My total English vocabulary size is estimated to be 5700 words: http://testyourvocab.com/?r=46081

I've avoided selecting words of the kind that "I know with a medium/high amount of confidence but maybe I should check just to be sure they mean what I think", nevertheless I believe that's the right way to honestly make the test.

The lowest result in their tables for American native speakers is 17511 words at the moment, so it turns out I manage to communicate with some dignity using less than 1/3 of the vocabulary of the worst one :\

And here's a nice thread on HN: http://news.ycombinator.com/item?id=2772387
 
I'll be honest, there are some simple mistakes in your text that give you away as not being a native speaker. And that will turn away some customers, especially if they don't know you aren't a native speaker.

My advice is to simply find someone who's good at fixing your text, or just pay someone to translate from your native language. A student who is learning your native language and has a good aptitude for writing would be a good candidate.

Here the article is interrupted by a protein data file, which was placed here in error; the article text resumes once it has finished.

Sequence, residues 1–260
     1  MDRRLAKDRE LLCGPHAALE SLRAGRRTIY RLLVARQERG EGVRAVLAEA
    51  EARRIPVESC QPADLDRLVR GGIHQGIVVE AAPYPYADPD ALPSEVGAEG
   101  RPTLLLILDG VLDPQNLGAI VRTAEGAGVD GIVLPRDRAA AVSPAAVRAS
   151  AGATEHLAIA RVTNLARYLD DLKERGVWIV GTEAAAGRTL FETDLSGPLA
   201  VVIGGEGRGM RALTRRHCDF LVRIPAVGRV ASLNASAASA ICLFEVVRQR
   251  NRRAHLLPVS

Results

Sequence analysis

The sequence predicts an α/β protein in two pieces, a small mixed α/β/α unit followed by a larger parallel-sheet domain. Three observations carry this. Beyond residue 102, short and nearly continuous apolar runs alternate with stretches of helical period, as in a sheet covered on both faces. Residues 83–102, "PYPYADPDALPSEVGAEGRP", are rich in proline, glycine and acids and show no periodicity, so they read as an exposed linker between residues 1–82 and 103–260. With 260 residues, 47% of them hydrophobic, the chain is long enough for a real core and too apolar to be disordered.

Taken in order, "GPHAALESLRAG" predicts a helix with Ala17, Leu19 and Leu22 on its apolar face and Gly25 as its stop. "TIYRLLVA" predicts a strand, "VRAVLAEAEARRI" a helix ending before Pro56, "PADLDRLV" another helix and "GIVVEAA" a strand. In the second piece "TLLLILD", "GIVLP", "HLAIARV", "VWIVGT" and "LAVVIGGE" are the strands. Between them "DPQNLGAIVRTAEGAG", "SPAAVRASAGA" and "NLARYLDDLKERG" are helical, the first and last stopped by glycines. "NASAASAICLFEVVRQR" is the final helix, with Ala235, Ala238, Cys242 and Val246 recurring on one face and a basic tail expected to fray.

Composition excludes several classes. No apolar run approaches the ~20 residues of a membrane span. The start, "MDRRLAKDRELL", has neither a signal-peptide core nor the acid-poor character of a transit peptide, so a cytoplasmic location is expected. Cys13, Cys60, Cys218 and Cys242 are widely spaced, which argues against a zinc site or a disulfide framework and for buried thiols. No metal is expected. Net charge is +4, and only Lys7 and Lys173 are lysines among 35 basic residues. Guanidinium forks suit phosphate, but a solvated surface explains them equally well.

Another option would be to hire a PR person to write all your public-facing text.

My advice isn't that different from what native speakers do when they don't have good writing skills, anyhow.
 
I strongly suggest that you focus on building your product and marketing/business strategies first, and not worry about English technicalities. Launch it, achieve your investment level, and setup your operations. Once you have the money, you can hire quality marketing personnel to help you make your texts smarter and effective. Good luck! (Full comment at http://news.ycombinator.com/item?id=2772950)
 
PS: thanks to the Italians that have honestly completed the test and scored much better than me - I'm sure you're a lot out there, and kind enough to avoid posting the result :)